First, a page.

Of all the cycling companies that have come and gone, one that has remained a steady fixture is Reynolds. The name has been synonymous with the British cycling industry since 1898, and it still manufactures tubing in its Birmingham factory today.

The Reynolds company name stretches as far back as 1841, but it was the end of the 19th century when it moved into the bicycle trade. Alfred M. Reynolds and J.T. Hewitt registered the company as the Patent Butted Tubing Company Ltd and it has been creating tubing for bikes ever since.

Reynolds is best known for inventing butted tubing – where the wall is thinner in the middle of the tube than it is at the ends – which allowed bikes to be lighter but stronger when built.

Its famous 531 tubing, created in 1935, was considered ground-breaking and was used on Tour de France winning bikes ridden by the likes of Eddy Merckx, Bernard Hinault and Greg LeMond. Its 853 tubing has been on the market for more than 20 years alongside its current flagship alloy, 953.

So what’s the secret of the company’s enduring success?
Reynolds Technology, as it is now known, may have branched beyond bike tubes into materials for cars, motorbikes, ice skates and the oil industry, but cycling, as ever, is still its main focus today. “Cycling remains at the core of the business,” said managing director Keith Noronha. “Metallic tubing in its various forms is our speciality.”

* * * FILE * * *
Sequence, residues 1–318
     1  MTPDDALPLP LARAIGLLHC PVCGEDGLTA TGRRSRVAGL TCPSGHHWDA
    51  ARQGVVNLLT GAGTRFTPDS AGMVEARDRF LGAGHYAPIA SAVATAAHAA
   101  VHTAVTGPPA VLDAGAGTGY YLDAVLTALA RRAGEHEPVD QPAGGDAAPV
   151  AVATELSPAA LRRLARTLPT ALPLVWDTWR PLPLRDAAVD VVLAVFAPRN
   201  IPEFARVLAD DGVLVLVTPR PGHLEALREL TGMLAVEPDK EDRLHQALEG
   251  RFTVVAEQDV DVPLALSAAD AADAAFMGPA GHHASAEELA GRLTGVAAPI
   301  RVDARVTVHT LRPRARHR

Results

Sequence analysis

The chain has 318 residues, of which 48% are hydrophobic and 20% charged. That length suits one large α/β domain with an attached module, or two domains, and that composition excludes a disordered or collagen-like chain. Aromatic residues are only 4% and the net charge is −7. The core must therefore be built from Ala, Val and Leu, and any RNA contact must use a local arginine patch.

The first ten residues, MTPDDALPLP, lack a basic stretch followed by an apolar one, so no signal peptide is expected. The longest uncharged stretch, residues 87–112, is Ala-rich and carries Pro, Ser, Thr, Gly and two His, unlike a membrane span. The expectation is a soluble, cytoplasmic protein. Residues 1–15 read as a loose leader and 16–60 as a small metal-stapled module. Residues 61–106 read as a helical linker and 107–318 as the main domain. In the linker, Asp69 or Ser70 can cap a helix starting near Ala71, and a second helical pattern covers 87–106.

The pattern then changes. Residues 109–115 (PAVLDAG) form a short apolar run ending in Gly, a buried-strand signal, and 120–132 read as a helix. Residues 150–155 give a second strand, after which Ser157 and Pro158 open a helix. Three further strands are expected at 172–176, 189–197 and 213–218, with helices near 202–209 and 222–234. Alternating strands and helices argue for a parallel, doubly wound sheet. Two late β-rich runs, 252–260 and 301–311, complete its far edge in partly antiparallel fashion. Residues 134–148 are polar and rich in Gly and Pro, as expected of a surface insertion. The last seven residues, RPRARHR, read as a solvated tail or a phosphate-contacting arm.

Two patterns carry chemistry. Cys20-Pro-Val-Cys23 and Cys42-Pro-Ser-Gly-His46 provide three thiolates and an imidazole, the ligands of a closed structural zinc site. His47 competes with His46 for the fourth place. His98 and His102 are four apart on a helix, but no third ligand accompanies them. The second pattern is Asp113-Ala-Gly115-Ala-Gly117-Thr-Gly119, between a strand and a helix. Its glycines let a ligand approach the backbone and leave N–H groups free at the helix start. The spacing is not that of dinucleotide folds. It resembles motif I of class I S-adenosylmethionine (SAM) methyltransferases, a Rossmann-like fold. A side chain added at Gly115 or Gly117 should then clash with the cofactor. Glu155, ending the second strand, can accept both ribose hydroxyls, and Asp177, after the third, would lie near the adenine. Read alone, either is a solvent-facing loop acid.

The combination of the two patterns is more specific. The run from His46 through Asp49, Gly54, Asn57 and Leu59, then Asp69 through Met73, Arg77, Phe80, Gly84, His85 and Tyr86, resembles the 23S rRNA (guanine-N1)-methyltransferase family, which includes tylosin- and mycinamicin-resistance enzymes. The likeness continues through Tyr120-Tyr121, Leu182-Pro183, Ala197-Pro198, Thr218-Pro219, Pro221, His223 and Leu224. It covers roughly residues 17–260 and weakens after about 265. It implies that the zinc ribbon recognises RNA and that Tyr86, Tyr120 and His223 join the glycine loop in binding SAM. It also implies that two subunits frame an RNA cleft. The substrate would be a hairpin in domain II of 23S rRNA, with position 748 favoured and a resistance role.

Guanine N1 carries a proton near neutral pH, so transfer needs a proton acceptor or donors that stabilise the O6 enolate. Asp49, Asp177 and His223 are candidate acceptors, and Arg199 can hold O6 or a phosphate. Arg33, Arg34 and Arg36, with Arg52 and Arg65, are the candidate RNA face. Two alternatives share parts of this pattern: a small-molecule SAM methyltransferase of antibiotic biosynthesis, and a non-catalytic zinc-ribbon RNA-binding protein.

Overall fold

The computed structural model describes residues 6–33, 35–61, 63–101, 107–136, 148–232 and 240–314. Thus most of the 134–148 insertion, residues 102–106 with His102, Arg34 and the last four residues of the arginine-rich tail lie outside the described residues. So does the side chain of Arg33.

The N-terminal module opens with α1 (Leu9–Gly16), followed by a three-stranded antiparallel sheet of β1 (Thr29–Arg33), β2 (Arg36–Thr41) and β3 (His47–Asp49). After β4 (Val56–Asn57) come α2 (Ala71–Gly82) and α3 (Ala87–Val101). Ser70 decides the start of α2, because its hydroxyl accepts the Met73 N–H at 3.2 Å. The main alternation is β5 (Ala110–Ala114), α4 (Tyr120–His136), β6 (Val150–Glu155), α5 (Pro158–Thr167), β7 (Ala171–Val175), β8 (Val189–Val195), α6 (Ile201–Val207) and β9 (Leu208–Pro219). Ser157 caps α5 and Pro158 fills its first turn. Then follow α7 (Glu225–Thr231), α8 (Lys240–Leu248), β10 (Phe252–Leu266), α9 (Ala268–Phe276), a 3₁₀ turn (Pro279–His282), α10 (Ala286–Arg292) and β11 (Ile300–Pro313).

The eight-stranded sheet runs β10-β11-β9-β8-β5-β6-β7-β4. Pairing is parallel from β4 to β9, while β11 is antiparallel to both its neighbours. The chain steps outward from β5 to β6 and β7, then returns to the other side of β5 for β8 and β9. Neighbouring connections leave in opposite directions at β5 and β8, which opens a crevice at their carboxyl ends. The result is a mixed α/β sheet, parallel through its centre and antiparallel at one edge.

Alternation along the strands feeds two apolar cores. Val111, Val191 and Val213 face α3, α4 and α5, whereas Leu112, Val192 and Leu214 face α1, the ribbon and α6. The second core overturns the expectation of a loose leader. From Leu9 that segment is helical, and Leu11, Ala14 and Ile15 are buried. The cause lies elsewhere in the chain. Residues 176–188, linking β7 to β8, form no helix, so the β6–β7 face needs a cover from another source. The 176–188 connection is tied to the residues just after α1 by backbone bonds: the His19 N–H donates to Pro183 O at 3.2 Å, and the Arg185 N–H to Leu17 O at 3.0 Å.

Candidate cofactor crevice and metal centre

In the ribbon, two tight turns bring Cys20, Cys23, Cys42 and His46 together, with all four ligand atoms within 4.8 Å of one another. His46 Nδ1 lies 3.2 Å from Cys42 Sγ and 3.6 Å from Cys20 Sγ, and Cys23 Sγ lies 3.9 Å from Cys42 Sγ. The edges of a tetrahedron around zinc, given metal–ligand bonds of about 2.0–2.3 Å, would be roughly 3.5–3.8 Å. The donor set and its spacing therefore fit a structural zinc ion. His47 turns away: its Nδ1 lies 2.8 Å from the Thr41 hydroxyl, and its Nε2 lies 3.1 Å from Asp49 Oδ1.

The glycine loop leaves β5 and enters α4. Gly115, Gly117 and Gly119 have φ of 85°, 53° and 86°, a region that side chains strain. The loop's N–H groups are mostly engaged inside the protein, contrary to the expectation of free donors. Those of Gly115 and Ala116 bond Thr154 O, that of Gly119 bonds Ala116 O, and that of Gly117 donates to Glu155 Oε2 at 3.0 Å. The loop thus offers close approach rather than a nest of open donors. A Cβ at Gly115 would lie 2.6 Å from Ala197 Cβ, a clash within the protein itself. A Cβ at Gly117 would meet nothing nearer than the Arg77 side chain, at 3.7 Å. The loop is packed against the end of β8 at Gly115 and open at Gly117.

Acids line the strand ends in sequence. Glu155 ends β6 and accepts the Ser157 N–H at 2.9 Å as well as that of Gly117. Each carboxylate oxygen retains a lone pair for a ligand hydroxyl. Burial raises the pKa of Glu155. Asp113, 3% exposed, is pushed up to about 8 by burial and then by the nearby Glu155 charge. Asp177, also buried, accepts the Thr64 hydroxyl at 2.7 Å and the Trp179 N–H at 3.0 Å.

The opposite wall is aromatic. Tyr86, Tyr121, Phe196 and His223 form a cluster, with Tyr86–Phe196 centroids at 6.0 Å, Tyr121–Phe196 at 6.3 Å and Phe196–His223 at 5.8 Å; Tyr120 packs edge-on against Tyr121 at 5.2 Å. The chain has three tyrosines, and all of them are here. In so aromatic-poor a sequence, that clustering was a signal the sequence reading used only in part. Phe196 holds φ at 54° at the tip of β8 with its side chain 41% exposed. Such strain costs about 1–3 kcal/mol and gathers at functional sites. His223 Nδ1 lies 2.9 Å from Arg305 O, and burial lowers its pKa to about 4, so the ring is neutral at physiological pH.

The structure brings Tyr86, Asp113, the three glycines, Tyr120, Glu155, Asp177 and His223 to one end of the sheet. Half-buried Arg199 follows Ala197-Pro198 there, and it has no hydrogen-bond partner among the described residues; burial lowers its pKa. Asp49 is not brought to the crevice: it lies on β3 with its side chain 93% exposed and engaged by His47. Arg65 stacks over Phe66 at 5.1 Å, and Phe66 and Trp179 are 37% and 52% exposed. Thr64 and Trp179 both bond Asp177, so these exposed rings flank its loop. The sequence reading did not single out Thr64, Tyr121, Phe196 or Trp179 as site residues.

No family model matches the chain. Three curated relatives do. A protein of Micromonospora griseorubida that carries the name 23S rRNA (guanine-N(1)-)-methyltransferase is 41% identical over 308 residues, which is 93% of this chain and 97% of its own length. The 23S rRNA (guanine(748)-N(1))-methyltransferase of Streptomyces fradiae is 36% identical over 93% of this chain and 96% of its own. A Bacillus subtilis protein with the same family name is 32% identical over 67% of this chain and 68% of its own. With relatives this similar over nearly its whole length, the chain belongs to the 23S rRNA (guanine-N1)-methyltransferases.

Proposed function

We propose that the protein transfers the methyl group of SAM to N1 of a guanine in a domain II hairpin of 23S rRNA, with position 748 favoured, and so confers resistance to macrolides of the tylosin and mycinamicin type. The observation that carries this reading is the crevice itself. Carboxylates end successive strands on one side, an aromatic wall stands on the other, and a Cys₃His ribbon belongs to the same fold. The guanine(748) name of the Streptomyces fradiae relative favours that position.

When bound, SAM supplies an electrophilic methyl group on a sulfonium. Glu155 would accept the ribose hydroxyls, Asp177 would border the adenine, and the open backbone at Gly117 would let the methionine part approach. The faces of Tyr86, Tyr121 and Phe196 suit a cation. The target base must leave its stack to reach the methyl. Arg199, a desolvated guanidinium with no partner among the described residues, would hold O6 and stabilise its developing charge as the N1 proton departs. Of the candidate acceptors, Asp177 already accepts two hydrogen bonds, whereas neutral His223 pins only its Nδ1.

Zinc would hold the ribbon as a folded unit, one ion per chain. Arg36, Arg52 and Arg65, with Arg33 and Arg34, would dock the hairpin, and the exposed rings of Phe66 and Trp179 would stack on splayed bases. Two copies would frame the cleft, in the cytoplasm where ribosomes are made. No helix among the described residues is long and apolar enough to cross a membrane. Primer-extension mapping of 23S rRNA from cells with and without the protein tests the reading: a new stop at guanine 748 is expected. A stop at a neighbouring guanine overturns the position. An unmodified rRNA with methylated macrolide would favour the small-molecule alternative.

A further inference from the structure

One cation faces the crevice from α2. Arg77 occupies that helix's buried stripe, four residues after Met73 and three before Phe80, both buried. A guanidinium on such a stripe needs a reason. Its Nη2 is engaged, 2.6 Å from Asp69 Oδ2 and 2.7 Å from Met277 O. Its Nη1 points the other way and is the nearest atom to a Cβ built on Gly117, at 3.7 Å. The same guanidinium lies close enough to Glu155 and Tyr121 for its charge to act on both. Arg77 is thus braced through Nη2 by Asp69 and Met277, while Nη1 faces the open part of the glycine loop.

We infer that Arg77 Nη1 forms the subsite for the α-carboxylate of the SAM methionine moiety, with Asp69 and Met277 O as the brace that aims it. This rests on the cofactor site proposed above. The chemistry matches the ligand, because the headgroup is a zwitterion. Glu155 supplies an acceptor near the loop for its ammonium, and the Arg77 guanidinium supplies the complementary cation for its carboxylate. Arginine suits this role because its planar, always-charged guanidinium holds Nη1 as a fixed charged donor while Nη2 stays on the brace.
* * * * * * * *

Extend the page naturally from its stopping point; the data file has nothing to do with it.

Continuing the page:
Reynolds: leading lights in tubing since the 1800s

Unlike many other bicycle-related industries, who have closed or moved their business abroad, Reynolds still creates its high-end products in the UK. “We deliberately chose to keep development in the UK and like a lot of British companies we had a difficult time choosing that method of manufacturing,” Noronha said. “But if you don’t have control of your manufacturing you can’t try 
out new ideas.”

Being a leader in its field is clearly something Reynolds still prides itself on. “We do a lot more development of various alloys,” Noronha said. “There are so many different materials available to riders and product managers so we have to do more research to constantly improve what we have.”

Since Noronha arrived at Reynolds in 2000, he has witnessed a number of significant changes, mainly the decline of bicycle manufacturing in Britain. Whereas once Reynolds sourced its materials on home soil, now it has to look elsewhere. “We now source our materials from around the world,” Noronha explained. “From Taiwan to Germany to the US, so when we develop new alloys we are looking at more exotic grades.”

Similarly, the bulk of its tubing was previously sold to UK frame-builders – it still supplies tubing to companies such as Raleigh and Dawes – although most of what it makes in its factory is exported.
Ultimately, the fact that Reynolds has stayed true to the techniques and principles laid down by its founders more than a century ago has been key. Although it does make tubing using carbon-fibre, titanium and aluminium, steel is still its first-choice material. It still sells versions of the original 531 tube today and its future goal is to continue making long-lasting products.


Butted tubes never go out of style

“If you look at butted tubes on any mid to high-end bicycle, they still use the principle that Reynolds invented back then,” said Noronha. “People have not been able to find a better way of taking weight out safely and in a controlled manner. I think that’s a mark for Mr Reynolds because that was a brilliant idea.”

This article was first published in the January 9 issue of Cycling Weekly. Read Cycling Weekly magazine on the day of release where ever you are in the world International digital edition, UK digital edition. And if you like us, rate us!